When it comes to Aspen snow sports competitions nowadays, events like the X Games and Alpine World Cup races get all the attention. But there was a time when the Silverboom, Aspen’s oldest cross-country ski race, enjoyed a similar level of recognition.
Though participation has dwindled from the event’s heyday in the 1970s and ’80s, it remains a cherished tradition among a contingent of locals. “It’s been the mainstay of the Nordic community for 50 years,” says Toby Morse, who organized the race for about a decade, from the early 1980s to the early ’90s.
Cross-country skiing and racing were on an upswing when Aspenite Jim Ward launched the Silverboom as a point-to-point contest from Snowmass to Buttermilk in December 1970. The previous winter, the avid cross-country and backcountry skier had skied the Gold Dust Classic in Frisco; he also ran Aspen’s first cross-country ski shop and figured it made sense to put on a similar event.
All these years later, Ward still sounds taken aback that nearly 200 people signed up for that first race—mostly recreational skiers from around the Roaring Fork Valley but also about a dozen members of the US Ski Team and several international racers.
What was the attraction?
“I can only say that it was an up-and-coming sport; cross-country skiing was coming alive,” Ward says.
Recruiting a handful of local volunteers to help run the event, Ward groomed the course with a single snowmobile—and even got in trouble with the US Ski Team coach for improperly setting the tracks, he recalls with a chuckle.
The Silverboom’s course has changed over the years, as has the time of year it’s held (currently run out of the Snowmass Cross Country Center, it’s now a season finale rather than a season opener). But the race was always a community affair. Whole families would compete, Santa Claus showed up to lead the half-kilometer kids’ “Miniboom,” and locals fondly remember “Wille Chili,” made by the wife of longtime race organizer Raoul Wille for the post-race party.
The Silverboom continued to regularly draw nearly a couple hundred competitors through the ’80s, a golden era for Nordic skiing. American Bill Koch was winning medals in international competition, and skate-skiing brought a new level of excitement to the sport. Regionally, citizens’ races were hugely popular—and frequent—and top-tier athletes still came to Aspen to race.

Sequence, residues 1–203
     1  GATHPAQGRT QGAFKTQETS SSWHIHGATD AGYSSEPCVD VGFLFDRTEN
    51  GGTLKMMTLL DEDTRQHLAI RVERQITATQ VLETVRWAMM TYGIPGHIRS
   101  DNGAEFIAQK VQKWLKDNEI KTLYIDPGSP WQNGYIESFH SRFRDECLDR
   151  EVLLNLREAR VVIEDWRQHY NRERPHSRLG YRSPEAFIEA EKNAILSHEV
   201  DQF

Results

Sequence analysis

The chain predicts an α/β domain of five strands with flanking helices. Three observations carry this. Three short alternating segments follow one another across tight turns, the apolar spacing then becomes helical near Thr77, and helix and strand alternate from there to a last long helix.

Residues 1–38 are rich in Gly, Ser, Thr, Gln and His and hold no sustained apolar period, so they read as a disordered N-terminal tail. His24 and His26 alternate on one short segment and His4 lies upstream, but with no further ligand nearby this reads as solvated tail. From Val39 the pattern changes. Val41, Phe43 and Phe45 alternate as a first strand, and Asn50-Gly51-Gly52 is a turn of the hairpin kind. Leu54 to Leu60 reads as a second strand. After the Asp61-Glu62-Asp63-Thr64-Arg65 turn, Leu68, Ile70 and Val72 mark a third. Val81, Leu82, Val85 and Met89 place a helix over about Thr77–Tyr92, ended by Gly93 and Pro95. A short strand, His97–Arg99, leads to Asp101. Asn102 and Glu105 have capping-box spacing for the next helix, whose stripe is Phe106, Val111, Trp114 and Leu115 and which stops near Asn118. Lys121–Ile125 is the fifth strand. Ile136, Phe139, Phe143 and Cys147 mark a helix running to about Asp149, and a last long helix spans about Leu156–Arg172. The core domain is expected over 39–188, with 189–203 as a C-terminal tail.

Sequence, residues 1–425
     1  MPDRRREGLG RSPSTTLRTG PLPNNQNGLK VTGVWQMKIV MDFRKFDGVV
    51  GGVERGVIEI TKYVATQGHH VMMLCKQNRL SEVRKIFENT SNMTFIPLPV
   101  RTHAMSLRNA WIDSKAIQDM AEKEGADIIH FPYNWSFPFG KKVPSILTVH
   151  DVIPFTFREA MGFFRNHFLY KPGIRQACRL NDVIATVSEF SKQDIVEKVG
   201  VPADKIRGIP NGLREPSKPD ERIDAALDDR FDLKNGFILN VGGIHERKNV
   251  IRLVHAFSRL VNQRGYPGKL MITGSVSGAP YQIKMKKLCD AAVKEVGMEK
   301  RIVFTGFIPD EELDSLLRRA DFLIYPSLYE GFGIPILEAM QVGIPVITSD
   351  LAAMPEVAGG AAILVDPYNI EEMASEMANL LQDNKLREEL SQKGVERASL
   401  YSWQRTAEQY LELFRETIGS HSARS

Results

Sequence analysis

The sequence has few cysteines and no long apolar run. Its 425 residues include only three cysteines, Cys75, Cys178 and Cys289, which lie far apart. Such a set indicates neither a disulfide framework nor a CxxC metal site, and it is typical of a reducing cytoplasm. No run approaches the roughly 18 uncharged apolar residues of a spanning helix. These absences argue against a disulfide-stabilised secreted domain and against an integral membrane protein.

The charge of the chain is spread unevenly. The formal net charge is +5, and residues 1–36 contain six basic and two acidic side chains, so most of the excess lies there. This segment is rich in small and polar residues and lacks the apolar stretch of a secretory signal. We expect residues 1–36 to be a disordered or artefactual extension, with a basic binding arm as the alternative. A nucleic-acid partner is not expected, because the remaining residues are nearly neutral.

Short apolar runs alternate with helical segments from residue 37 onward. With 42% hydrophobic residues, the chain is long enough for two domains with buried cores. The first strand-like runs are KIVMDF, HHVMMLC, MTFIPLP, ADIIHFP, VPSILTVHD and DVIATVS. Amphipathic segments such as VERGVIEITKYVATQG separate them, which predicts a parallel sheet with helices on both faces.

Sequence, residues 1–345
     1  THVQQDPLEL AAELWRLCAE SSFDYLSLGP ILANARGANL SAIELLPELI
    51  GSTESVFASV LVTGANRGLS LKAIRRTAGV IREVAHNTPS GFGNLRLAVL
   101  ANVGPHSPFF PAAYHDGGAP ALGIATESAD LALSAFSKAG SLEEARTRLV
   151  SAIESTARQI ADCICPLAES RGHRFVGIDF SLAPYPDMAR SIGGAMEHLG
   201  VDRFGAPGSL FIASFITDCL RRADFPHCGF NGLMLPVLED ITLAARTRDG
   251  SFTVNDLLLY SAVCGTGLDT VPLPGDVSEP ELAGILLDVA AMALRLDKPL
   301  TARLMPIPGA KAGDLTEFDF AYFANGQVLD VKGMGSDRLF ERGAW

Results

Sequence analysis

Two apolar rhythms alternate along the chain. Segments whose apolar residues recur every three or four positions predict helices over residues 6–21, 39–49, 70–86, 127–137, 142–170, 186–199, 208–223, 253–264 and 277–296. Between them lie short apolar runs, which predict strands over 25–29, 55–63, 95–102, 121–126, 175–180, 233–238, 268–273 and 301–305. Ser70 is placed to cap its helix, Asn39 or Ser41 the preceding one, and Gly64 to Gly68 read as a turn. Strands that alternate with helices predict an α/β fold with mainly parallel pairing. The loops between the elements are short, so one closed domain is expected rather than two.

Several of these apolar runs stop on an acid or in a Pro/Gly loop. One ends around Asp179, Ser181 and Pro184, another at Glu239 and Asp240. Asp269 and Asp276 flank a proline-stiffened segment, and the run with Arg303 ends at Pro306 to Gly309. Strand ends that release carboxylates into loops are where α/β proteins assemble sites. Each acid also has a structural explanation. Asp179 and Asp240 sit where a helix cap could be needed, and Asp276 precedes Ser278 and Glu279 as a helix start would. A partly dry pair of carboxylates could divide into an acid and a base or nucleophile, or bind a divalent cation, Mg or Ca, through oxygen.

“It was a matter of local pride to win the Silverboom,” says Morse, who also coached Nordic skiing and ran the Aspen Valley Ski and Snowboard Club.
Current AVSC Nordic Director August Teague started competing in the Silverboom as a child. The race was “certainly one of the first opportunities for Nordic skiing competition that a lot of youth in the 1970s and ’80s had,” he says. Teague went on to race in college, run college Nordic programs, and coach for the Australian ski team.
Another native Aspen cross-country skier, Ruth Baxter Wade, was so inspired by racing the Silverboom alongside US Ski Team members that she pursued the sport and ended up on the team herself for eight years.
Today’s event is quite different. In the last couple of decades, participation has waned to about 20 to 25 racers, according to Snowmass Cross Country Center Manager Mark Kincheloe, who currently organizes the Silverboom as part of the six-event Aspen Cup Nordic Series. Says Teague, competitive skiers’ schedules are usually packed with training and sanctioned events elsewhere, and, note Kincheloe and others, many locals are just too busy.
But numbers aren’t what matter most, say members of the relatively small, tight-knit local Nordic community. “It’s a little bit the glue that holds us together,” says Bob Wade, co-owner with his wife, Ruth, of the Ute Mountaineer, which promotes the race. “There’s a lot of really passionate skiers in the valley, and they’ve all participated in the Silverboom.”
Meanwhile, recreational cross-country skiing seems to be experiencing a resurgence, both locally and nationally. “Like anything, it ebbs and flows,” says Teague. “Now, with [US Ski Team members and Olympic gold medalists] Jessie Diggins and Kikkan Randall, we’re seeing another boom, not with racing but certainly with participation, compared to even a few years ago.”
“Not anybody can drop into an 18-foot half-pipe,” notes Teague. “Not anybody can hike and ski Highland Bowl. But anybody can strap on cross-country skis and have fresh air and the wind and sun on their face.”
50th Annual Silverboom Race & BBQ, 5K/15K skate
1K Kiddie Boom follows main event
March 1, 2020, 10 a.m., Snowmass Cross Country Center